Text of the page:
Monday, April 15, 2013

M is for My Country

     Those dogs.  Those filthy, mangy dogs.  They slaughtered all of them.  Men, women, children, burned and cut down.  My country.  Tears stream down my lucid face. 
     I left them.  The survivors of the sentry guard and militia were backed up to the door of my manor.  I watched them from my grand windows, Linus the sentry leader ran through by a bayonet as he shielded a young boy, Friar George’s brother Vernon shot in the arm and later innards, blood spurting from his pale lips.  Most of them I knew by name.
     My protectors, wife, and daughter made for the back door.  “I shan’t let ye perish, m’Lord,” declared Martin, the leader of my personal guard.  I was hauled away, but I didn’t resist.  I heard the cries of my people as I left them to die.
     We rushed to a small boat in the wharf.  Martin assisted my family into the boat before he and my five other guardsmen got to work at the ropes.  After the vessel was released from the docks they jumped in and went for the oars, wind too slight for the single sail.  I couldn’t see the last of my countrymen perish.  That didn’t matter.  The screaming was evidence enough.
     I surveyed what was left of the populace of my dear home.  My wife Mary, cheeks like spiced milk, gown of green satin.  My daughter Sophia, charcoal braids framing a round face, cheekbones high and regal.  Randulf, the oldest and most trusted of my guard.  Norman and Orson, brothers possessing incredible strength and loyalty.  Lenard, former sentry leader and strategist.  Hieni, a dark-skinned captive from the west, highly knowledgeable of flora and fauna.  Martin, man of amazing speed with the sabre, accuracy of the musket, and cultivation of the mind.  Perhaps the finest soldiers in all of Hannon, or former Hannon as it soon shall be.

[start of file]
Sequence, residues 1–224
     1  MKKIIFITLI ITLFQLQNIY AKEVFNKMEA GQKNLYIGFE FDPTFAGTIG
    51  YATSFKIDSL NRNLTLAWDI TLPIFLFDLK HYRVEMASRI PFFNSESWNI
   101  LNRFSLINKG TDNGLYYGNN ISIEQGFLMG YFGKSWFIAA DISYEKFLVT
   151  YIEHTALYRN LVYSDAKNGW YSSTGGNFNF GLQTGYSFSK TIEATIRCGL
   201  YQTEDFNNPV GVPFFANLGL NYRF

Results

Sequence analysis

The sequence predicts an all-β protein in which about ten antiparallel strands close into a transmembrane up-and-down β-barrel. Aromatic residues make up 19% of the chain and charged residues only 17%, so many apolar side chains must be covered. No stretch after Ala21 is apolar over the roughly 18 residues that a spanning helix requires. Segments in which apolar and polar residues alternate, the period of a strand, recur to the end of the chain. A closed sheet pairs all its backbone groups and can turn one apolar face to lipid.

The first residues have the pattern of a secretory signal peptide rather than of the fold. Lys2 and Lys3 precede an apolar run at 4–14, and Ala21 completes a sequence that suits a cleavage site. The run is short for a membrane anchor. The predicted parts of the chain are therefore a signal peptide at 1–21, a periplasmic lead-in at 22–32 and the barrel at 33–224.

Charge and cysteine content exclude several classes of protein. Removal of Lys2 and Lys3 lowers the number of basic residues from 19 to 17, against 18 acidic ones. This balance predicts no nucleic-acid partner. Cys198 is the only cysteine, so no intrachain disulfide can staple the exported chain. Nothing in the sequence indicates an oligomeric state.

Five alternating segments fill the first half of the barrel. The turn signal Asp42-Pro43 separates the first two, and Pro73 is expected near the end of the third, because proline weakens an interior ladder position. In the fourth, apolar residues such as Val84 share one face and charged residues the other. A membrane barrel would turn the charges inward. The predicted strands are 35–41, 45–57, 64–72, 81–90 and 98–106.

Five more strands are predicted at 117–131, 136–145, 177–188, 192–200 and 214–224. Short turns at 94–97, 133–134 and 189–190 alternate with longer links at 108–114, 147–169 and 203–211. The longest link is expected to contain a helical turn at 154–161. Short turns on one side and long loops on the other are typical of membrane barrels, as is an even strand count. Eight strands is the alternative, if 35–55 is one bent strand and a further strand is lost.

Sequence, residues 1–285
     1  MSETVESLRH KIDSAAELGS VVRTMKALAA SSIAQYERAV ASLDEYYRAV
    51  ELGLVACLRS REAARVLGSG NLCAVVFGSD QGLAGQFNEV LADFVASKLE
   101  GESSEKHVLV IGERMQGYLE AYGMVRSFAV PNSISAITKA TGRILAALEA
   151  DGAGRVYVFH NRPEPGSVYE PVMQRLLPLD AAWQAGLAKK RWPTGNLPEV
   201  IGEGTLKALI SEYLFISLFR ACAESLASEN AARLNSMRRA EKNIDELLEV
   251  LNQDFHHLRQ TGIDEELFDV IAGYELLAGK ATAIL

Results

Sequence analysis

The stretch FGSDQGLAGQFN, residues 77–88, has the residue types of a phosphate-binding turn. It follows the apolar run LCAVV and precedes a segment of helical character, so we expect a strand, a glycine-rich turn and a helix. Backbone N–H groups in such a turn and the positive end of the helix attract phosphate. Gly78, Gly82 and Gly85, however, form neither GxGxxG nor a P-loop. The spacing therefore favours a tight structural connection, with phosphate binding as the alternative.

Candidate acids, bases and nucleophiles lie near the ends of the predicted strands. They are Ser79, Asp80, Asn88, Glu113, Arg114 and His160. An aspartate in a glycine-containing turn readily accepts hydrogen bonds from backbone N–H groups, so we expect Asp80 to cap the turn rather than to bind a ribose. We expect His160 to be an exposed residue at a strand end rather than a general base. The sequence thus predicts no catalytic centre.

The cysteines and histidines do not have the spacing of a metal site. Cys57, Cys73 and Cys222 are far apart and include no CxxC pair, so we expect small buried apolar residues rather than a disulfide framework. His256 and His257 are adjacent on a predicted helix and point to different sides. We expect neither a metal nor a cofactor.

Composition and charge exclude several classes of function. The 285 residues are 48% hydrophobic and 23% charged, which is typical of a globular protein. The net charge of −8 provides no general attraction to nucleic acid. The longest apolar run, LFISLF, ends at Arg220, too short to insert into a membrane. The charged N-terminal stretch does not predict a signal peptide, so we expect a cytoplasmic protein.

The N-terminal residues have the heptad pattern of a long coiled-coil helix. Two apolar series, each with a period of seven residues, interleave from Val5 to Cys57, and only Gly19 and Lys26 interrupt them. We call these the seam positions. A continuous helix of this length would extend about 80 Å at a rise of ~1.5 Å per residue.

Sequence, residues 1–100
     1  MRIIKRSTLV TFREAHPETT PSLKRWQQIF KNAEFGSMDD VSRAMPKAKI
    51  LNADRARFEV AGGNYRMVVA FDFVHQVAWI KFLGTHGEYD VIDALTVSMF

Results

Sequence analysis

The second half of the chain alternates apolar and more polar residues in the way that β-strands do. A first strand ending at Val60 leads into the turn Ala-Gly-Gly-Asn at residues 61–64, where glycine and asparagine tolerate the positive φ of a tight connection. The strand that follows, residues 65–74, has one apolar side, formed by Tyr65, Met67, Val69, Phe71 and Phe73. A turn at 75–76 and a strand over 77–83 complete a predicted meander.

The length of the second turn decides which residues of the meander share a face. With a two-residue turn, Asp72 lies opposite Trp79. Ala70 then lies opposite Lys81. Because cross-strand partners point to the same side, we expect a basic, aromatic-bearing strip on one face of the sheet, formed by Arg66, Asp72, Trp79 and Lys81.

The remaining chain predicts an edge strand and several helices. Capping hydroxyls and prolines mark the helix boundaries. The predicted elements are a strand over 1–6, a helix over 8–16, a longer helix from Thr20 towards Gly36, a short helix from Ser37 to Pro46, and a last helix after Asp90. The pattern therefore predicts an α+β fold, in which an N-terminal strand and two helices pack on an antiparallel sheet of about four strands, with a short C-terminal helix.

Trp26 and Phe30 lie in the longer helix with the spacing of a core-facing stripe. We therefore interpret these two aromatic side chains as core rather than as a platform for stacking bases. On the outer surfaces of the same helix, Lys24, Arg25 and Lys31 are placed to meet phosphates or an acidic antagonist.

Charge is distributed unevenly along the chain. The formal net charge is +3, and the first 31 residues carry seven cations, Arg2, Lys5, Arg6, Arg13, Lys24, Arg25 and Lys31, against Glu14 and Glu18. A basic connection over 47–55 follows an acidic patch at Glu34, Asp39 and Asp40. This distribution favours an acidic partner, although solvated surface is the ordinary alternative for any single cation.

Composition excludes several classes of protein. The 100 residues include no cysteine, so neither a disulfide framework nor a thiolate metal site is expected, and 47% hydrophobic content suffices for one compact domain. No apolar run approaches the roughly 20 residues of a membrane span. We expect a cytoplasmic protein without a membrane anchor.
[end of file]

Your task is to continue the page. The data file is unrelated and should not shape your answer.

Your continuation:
I snap back to attention as we exit the harbor.  The occasional sobs from Mary and Sophia have ceased, Sophia drifting to sleep in her mother’s arms and Mary peering blankly at the slight waves of the sea.  They are still in shock, I’m sure.  Sympathy isn’t Mary’s strong-suit, but she is far from cold-hearted.  I realize now that I sheltered Sophia too much.  She will never truly understand this event.  She may not live much longer anyway.  A new round of tears slides down my face.
     “Have you a plan, Lenard?” I ask.
     “Aye, m’Lord.  We’ll find a small island for the night and then continue to Jeri.  The Jerians have always looked kindly toward us, even if our requests for an alliance were dismissed,” he replied.
     “Splendid.  You may ease, men, the Yirmans won’t bother looking for small ships escaping.  They’re quite a superstitious nation, as far as the ocean is concerned.”
     My men half their oaring pace.  They will continue for as long as I request; Norman and Orson alone could row for hours.  The sun will set soon, however.  The first sight of land will be our heading.
     A few minutes later, I spot a speck in the distance.  “Steer right, men.  I see some land.  We shall rebuild our great country.”


  1. It felt like a scene from one of my favorite movies. Is it part of a bigger story or is it self contained? Simply Sarah

    1. It was originally going to be part of a bigger story, but I realized that what I wanted to do with it weren't feasible. This was actually in my recyling bin. I didn't have a post pre-written for today, so I decided to pull this out and edit it so that it feels at least sort of like a full story, even though it drops off rather drastically.